We're working to put a new honey extracting facility in the steel building at my place near Mount Vernon. I've traveled back and forth to our homebase in Lynnville for the past several years to extract the honey crop. Now a new extracting line is taking shape. A couple of days ago the truck pulled in ready to deliver the steel for finishing the interior!
We tried to lift the delivery with my faithful Bobcat, but ultimately the tractor forks came out. I was not familiar with this unloading system. The first image shows the forks in their stowed position, and the second obviously has them mounted for action:
I'm away at the Agricultural History Conference in New York right now, but I'll post pictures of interior progress when I return! May the honey flow!
The big rage in beekeeping is The Flow Hive--get "honey on tap!" The Australian inventors raised something like $12 million through crowdfunding to launch their innovation and market it. No fear of undercapitilization anymore They have a very active Facebook group and it continues to attract people interested in at least experimenting with a system that lets you "extract" using mechanical frames that convert the surplus honey cells into channels that drain directly into a jar. There are a whole lot of pros and cons I could detail, but I don't have that kind of time this afternoon. In short, I don't think it's a worthless novelty, but it's also not going to be an innovation that radically impacts large-scale beekeeping.
Nonetheless, it is nifty to see that one of my nuc buyers loaded their four frames of bees into a Flow Hive and hauled it away. I hope their expensive foray into the latest and greatest in beekeeping innovation proves fruitful! It will be interesting to see if more of our customers embrace the same system!
There is a giant flow happening during the past several days. I know black locust just opened three days ago, and a tiny bit of clover is blooming too. I suspect something else is happening as well, but the brood boxes are getting mighty heavy. I'm going around as quickly as possible with honey supers. Here is one of the first hives storing in the surplus boxes that I added several days ago. This particular hive has two honey boxes in freshly-filled condition:
I will never tire of sharing a picture of the first honey of the year, but I've also learned not to get too excited about the late May flow. While it can be wonderful and widespread, it usually turns out localized and shortened by rain. I nonetheless, very cautiously, hope that this year will be a bounteous exception!
I'm at the point of year where the nuc yards grow very quickly. I've stopped splitting for new hives and start loading the nucs for sale and raising queens. They were getting a little light for about ten days, and I was about to go and feed them. Then the nectar flows returned. Hopefully we can dodge the 50-50 rain chances that are in the forecast--at least some of them. The ground is getting pretty dry, but I really don't want to see the bees trapped inside for several days.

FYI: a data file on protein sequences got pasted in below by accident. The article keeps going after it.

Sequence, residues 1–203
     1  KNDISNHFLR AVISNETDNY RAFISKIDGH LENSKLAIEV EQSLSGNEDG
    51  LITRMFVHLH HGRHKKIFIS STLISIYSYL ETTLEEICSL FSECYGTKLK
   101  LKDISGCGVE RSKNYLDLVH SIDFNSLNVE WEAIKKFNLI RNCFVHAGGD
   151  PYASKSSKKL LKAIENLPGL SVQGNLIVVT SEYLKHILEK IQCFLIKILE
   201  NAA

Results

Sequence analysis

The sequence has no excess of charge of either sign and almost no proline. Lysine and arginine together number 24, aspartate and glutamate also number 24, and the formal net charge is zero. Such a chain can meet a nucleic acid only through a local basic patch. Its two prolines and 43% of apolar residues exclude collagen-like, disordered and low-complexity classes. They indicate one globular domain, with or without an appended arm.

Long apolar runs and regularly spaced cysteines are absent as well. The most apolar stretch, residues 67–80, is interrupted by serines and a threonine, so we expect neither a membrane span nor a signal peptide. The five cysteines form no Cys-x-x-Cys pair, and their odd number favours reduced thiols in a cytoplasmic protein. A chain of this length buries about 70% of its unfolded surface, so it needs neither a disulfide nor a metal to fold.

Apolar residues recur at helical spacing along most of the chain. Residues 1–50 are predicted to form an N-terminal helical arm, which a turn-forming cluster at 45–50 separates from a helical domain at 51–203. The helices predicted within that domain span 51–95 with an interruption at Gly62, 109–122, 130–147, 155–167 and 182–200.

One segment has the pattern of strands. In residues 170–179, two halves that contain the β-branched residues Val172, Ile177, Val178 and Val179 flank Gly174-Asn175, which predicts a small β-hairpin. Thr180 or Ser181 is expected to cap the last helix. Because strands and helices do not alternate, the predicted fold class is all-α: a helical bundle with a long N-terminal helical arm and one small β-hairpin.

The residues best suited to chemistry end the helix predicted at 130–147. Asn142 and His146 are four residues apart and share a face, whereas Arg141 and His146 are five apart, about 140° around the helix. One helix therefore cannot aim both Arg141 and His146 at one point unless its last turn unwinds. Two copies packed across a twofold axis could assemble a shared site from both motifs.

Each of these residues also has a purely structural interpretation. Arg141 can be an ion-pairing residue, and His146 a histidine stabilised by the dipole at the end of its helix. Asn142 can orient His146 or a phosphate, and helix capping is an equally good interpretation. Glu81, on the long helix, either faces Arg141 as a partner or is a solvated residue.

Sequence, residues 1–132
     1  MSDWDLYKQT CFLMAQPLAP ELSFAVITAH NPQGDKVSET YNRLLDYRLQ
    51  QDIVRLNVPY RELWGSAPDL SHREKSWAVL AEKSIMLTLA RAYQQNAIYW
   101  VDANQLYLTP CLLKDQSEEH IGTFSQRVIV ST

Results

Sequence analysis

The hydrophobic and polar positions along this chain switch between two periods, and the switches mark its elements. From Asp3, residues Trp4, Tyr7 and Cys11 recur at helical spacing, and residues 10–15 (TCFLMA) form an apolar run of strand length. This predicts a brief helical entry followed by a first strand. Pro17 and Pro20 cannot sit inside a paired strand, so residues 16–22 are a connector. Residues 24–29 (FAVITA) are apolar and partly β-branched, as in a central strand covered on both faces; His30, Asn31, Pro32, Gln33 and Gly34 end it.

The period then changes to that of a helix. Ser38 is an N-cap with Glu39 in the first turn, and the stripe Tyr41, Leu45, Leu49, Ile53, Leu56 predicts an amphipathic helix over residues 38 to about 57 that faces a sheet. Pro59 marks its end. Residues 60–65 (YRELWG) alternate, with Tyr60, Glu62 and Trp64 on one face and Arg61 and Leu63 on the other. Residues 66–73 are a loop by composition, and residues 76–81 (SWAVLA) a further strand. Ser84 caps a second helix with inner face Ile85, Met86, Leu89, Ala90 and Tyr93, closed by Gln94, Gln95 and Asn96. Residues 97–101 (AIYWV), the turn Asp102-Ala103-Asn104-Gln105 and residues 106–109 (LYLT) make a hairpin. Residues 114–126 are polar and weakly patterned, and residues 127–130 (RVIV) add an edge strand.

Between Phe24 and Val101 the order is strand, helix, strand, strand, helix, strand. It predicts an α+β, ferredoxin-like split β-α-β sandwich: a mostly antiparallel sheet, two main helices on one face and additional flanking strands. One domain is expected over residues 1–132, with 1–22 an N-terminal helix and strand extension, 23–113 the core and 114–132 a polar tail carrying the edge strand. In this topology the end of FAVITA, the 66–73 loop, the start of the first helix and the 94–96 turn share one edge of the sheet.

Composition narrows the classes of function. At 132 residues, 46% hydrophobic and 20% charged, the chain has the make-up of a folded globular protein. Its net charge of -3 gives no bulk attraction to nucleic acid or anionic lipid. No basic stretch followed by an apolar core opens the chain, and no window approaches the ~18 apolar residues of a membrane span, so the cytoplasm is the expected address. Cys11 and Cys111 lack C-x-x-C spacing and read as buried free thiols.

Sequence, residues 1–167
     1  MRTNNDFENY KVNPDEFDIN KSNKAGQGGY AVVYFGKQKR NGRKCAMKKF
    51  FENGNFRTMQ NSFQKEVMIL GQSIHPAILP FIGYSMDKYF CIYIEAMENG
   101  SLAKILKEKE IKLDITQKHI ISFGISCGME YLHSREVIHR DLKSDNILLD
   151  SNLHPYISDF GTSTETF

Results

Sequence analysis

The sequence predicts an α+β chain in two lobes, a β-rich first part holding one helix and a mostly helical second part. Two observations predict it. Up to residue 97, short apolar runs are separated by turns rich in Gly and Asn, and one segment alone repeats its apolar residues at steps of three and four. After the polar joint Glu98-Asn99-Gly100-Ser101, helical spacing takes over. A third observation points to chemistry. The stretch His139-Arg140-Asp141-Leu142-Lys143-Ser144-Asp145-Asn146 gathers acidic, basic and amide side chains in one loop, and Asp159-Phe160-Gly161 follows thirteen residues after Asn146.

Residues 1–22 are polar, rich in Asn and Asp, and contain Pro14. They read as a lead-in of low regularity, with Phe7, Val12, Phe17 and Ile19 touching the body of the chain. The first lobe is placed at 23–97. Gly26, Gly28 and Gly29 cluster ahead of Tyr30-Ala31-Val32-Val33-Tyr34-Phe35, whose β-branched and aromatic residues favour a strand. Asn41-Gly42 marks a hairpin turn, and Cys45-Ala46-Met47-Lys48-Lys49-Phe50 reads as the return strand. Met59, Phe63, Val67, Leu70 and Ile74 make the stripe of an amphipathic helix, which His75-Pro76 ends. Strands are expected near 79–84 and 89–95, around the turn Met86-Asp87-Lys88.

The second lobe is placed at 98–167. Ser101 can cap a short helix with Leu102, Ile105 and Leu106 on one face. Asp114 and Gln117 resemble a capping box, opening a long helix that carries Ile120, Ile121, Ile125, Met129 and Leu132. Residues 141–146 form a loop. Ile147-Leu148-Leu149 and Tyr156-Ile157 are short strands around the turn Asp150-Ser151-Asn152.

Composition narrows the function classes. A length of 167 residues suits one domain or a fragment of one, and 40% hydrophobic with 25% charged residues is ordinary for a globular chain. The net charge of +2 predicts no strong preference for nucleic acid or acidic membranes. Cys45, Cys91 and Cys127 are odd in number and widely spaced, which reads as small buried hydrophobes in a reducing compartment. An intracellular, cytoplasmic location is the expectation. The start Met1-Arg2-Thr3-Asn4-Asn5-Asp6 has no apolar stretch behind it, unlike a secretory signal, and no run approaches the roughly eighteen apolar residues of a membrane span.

Anyway, here is part of a nuc yard stretching into the sunset a couple of evenings past. The scene caught my eye because of the lowering sun and a mist rising over the creek that is just beyond the line of plants that sits in front of the hives. If only the creek could have made the picture, but alas, there is no company helicopter to enable an aerial shot on short notice! There's no photography award in order, but it was pretty at the time
I look forward to the day when this guy might help me with some of the nuc yard duties! He sure loves the outdoors and doing farm work at this age. We just celebrated his second birthday!
It takes us about a month to get through all of our bees during splitting season. Around April 15, there's really no problem with having the winter wraps still on the hive. Warm weather in May, however, can make the hive decidedly stifling when the winter insulation is still attached. The image below shows a bee beard that would be pretty excessive even during the July/August peak of summer heat. Lots of new bees, warm weather, and winter insulation can keep the hive confines a little toastier than we desire.
I'm just about done splitting, thankfully. I'm looking forward to getting the honey supers out en masse.
On a separate note, a fellow about a mile down the road called me over to retrieve a swarm that was on the ground. It had moved around his property for several days before winding up in a pile of mulch. I presume the queen is dead or injured--honeybees don't like to cluster on the ground. Anyway, I got most of them into the box and I'll let everyone know the outcome. Here is the moment after I placed a hive in front of them. They quickly determined that my box of frames constituted a far superior situation for their living environment.